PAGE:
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1.  Studying Cancer Stem Cell Dynamics on PDMS Surfaces for Microfluidics Device Design 
Scientific Reports  2013;3:2332.
This systematic study clarified a few interfacial aspects of cancer cell phenotypes on polydimethylsiloxane (PDMS) substrates and indicated that the cell phenotypic equilibrium greatly responds to cell-to-surface interactions. We demonstrated that coatings of fibronectin, bovine serum albumin (BSA), or collagen with or without oxygen-plasma treatments of the PDMS surfaces dramatically impacted the phenotypic equilibrium of breast cancer stem cells, while the variations of the PDMS elastic stiffness had much less such effects. Our results showed that the surface coatings of collagen and fibronectin on PDMS maintained breast cancer cell phenotypes to be nearly identical to the cultures on commercial polystyrene Petri dishes. The surface coating of BSA provided a weak cell-substrate adhesion that stimulated the increase in stem-cell-like subpopulation. Our observations may potentially guide surface modification approaches to obtain specific cell phenotypes.
doi:10.1038/srep02332
PMCID: PMC3728601  PMID: 23900274
2.  Rapid identification and drug susceptibility screening of ESAT-6 secreting Mycobacteria by a NanoELIwell assay 
Scientific Reports  2012;2:635.
To meet the global needs of tuberculosis (TB) control, a nanoELIwell device was developed as a multifunctional assay for TB diagnosis and drug susceptibility testing. The device integrates on-chip culturing of mycobacteria, immunoassay, and high-resolution fluorescent imaging. Mycobacterium smegmatis and Mycobacterium kansasii were used as models of Mycobacterium tuberculosis to evaluate device integrity by using antigens, Ag85 and ESAT-6, as biomarkers. As a result, the nanoELIwell device detected antigens released from a single bacterium within 24–48-hour culture. Antimycobacterial drug-treated M. smegmatis showed significant decreased in Ag85 antigen production when treated with ethambutol and no change in antigen production when treated with rifampin, demonstrating drug susceptibility and resistance, respectively. The nanoELIwell assay also distinguished the ESAT-6-secreting M. kansasii from the non-ESAT-6-secreting M. simiae. The combination of microwell technology and ELISA assay holds potential to the development of a rapid, sensitive, and specific diagnostics and susceptibility testing of TB.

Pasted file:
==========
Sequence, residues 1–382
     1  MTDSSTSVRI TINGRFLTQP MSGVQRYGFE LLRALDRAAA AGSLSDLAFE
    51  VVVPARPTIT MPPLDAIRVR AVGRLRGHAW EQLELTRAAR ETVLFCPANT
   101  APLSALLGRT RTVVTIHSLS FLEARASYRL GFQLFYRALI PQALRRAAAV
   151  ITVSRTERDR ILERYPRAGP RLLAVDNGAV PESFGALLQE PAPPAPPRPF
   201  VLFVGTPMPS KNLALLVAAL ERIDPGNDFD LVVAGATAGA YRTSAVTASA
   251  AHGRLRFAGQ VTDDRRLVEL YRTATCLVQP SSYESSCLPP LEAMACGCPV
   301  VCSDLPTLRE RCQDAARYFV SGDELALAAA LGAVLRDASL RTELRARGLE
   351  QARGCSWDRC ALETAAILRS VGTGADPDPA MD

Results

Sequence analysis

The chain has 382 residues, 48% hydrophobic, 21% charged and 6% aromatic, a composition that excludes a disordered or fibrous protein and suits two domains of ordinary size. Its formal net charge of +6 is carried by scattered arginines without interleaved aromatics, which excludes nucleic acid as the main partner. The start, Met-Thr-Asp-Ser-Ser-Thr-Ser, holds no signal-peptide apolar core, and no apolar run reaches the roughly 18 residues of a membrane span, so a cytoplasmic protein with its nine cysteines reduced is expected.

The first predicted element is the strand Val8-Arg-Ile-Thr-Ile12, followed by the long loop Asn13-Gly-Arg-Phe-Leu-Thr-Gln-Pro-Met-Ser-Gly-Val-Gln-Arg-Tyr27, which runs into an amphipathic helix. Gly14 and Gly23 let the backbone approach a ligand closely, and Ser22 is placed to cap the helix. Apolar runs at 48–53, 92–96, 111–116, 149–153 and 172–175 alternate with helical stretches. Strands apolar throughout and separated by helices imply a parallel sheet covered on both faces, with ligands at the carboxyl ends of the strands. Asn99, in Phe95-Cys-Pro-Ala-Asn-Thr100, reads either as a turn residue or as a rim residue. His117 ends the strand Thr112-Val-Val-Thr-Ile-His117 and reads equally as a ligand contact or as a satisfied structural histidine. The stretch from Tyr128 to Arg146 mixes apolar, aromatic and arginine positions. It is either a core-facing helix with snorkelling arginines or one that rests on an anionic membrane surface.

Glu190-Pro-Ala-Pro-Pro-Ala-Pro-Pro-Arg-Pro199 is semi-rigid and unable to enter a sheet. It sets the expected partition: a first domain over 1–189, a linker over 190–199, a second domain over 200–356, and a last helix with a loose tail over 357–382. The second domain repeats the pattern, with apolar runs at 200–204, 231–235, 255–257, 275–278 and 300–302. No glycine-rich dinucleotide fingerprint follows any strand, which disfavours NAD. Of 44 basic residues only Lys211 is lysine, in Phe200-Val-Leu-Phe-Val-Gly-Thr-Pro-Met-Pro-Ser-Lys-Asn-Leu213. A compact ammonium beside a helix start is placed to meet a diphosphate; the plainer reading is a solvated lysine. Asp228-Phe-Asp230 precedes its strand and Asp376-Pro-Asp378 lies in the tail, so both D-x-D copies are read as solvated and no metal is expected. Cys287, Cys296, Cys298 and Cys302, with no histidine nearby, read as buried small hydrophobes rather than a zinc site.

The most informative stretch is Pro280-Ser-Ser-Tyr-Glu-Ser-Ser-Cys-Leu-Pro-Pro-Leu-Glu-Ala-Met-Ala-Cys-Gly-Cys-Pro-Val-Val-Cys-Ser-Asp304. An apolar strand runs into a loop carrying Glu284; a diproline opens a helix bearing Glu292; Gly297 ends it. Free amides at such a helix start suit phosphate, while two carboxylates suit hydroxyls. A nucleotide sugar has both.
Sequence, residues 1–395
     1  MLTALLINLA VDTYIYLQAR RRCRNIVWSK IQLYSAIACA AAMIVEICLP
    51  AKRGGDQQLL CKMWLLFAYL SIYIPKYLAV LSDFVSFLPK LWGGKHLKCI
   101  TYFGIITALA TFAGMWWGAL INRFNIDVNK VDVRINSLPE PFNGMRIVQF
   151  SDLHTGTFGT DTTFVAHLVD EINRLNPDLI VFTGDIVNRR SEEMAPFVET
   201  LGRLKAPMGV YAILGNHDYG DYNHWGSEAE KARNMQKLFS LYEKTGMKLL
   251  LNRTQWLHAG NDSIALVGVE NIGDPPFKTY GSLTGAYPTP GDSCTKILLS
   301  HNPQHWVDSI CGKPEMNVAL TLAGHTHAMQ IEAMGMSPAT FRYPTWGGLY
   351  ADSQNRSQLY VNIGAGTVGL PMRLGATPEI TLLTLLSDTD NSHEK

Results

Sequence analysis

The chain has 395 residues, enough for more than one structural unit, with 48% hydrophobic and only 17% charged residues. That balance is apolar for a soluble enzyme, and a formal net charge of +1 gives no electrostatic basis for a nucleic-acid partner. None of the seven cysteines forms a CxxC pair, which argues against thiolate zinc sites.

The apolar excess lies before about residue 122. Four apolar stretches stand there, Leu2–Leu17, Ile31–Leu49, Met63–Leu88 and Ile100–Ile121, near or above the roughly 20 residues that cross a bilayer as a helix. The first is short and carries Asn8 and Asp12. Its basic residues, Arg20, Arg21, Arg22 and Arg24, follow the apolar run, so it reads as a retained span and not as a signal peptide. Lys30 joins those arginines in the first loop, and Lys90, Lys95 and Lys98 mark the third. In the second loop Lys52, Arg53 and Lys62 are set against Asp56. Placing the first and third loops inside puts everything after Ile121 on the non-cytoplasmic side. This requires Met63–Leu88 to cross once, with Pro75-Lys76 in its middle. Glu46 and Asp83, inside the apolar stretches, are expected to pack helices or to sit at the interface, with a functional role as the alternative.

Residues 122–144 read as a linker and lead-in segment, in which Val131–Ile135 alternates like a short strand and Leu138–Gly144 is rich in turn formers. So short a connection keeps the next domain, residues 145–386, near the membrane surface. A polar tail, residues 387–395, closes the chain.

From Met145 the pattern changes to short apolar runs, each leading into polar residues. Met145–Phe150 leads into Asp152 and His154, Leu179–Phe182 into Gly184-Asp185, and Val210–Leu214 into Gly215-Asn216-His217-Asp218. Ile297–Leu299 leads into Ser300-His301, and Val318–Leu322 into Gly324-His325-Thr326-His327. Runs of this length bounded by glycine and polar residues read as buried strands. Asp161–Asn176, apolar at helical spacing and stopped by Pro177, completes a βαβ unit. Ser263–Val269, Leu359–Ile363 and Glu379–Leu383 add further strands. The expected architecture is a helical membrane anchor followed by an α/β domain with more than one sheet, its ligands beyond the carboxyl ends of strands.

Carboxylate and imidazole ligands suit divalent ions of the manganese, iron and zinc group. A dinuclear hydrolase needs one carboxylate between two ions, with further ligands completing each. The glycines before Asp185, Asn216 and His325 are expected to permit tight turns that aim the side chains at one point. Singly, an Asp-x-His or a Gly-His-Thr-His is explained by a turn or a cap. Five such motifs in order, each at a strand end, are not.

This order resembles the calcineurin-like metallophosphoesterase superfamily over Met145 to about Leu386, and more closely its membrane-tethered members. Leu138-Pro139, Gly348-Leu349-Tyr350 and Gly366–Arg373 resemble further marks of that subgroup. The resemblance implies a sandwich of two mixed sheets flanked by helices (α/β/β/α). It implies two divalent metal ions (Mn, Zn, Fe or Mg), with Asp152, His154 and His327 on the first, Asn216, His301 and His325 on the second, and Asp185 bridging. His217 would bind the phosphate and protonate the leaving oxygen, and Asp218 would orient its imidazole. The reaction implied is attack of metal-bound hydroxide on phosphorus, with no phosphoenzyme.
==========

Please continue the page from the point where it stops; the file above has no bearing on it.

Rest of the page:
doi:10.1038/srep00635
PMCID: PMC3434393  PMID: 22957139
3.  Exocyst Is Involved in Cystogenesis and Tubulogenesis and Acts by Modulating Synthesis and Delivery of Basolateral Plasma Membrane and Secretory Proteins 
Molecular Biology of the Cell  2000;11(12):4259-4275.
Epithelial cyst and tubule formation are critical processes that involve transient, highly choreographed changes in cell polarity. Factors controlling these changes in polarity are largely unknown. One candidate factor is the highly conserved eight-member protein complex called the exocyst. We show that during tubulogenesis in an in vitro model system the exocyst relocalized along growing tubules consistent with changes in cell polarity. In yeast, the exocyst subunit Sec10p is a crucial component linking polarized exocytic vesicles with the rest of the exocyst complex and, ultimately, the plasma membrane. When the exocyst subunit human Sec10 was exogenously expressed in epithelial Madin-Darby canine kidney cells, there was a selective increase in the synthesis and delivery of apical and basolateral secretory proteins and a basolateral plasma membrane protein, but not an apical plasma membrane protein. Overexpression of human Sec10 resulted in more efficient and rapid cyst formation and increased tubule formation upon stimulation with hepatocyte growth factor. We conclude that the exocyst plays a central role in the development of epithelial cysts and tubules.
PMCID: PMC15071  PMID: 11102522

Results 1-3 (3)